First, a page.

Letter: Swastika — Just a Couple of Crazy Kids

To the Editor:

Oh, come on. They’re good kids, they just wanted to be rebellious. It hasn’t happened in this town before, so it’s not really a problem. Sure, they should be reprimanded for defacing school property, but let’s be honest, it was only chalk, not paint. This is a nice town, one swastika isn’t going to change that. Let’s not overreact here.

I wonder if any Eastonites feel this way. Because one swastika IS a problem.

Was it a kid who just wanted to be hateful, and used the first symbol that came to mind? He or she could have found many other offensive expressions. Or was it a kid who is an anti-Semititic and chose to express his/her hatred in the worst way possible? (Did the child even know it was the Day of Remembrance for the six million Jews murdered in the Holocaust?)

Either way, it is a shocking and dangerous moment for our town. Because at this very same moment, some of our neighbors want to strip our school curricula of Diversity, Equity and Inclusion awareness, block Critical Race Theory and its lessons about how races are judged differently, of acknowledging that yes, white people are responsible for some of the most egregious acts in history.

That is not an accusation. That is a fact. The Crusades, the Spanish Inquisition, the displacement and genocide committed against Native Americans, the enslavement of Black people, the Holocaust: all perpetrated to promote and guarantee the supremacy and privilege of white people.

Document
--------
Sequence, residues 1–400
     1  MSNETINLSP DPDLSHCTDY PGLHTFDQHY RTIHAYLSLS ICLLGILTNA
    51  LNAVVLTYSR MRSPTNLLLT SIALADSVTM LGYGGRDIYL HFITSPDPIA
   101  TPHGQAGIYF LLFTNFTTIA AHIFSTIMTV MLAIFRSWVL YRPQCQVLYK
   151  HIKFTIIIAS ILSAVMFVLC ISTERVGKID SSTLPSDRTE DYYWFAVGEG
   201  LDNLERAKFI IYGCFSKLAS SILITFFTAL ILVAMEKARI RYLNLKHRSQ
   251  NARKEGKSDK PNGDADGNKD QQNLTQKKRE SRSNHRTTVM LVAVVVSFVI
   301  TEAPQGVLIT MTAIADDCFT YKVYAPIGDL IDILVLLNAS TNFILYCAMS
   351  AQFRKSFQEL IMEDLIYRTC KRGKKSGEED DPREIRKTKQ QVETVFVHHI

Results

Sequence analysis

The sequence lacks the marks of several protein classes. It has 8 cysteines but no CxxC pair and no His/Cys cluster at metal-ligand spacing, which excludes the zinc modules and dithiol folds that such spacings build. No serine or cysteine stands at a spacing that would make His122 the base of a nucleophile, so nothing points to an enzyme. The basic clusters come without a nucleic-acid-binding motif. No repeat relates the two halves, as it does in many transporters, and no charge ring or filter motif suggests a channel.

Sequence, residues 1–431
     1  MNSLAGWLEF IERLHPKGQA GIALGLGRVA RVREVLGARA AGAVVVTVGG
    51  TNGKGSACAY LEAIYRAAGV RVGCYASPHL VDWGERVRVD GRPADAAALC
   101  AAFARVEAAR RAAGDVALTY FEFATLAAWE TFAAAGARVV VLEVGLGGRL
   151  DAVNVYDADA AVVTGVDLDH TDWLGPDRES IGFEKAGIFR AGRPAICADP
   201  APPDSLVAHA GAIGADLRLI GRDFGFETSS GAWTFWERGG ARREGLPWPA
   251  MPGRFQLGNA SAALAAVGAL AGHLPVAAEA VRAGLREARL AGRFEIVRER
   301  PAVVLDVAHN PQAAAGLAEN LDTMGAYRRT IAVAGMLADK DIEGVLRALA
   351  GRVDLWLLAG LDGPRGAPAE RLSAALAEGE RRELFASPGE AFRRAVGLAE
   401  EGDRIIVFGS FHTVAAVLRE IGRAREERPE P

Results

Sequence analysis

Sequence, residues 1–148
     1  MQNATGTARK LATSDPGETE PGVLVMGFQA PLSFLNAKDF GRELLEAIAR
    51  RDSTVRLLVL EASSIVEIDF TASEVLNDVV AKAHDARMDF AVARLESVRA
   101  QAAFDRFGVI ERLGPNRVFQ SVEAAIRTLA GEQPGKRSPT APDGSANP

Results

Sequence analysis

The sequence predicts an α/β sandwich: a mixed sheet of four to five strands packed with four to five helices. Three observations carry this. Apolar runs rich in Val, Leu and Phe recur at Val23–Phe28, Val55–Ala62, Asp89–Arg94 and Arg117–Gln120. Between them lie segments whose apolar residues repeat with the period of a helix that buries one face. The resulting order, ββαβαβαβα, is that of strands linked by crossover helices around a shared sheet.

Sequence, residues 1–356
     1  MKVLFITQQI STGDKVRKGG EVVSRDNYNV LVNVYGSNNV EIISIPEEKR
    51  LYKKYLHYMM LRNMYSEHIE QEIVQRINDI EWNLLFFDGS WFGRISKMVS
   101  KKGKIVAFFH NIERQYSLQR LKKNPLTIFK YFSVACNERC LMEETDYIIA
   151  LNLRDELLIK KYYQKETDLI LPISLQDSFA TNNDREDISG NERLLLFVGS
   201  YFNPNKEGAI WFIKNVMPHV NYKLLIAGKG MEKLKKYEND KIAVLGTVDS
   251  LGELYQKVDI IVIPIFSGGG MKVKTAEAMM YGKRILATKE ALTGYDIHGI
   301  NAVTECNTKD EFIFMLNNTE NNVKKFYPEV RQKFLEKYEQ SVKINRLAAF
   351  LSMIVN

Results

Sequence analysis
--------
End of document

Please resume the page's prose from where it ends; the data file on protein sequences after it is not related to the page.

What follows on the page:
These moments in history need to be reframed as acts against other human beings, not acts for the advancement of white human beings. Our children, and many adults, need to be taught the real reasons they occurred, and how to make sure they don’t happen again. That’s what Critical Race Theory can do.

So now, a swastika has appeared at our elementary school. A symbol of hatred and murder, yes, but also proof that further education is desperately needed and absolutely critical to understanding history. We must go forward not finding ways for oppressed people to “fit in” to society as it is; we must find ways to change society as it is and enrich it by welcoming the beauty that each culture brings. It will feel uncomfortable. And that’s OK; changing the status quo, even in a better direction, always does.

That education must start in the home, and continue at school and beyond. I’m sure my rabbi and his interfaith and multicultural partners would love the opportunity to speak with the child who drew the swastikas, along with his/her parents. I’d be happy to sit down with them, too.

Debbi Barer

19-year Easton Resident

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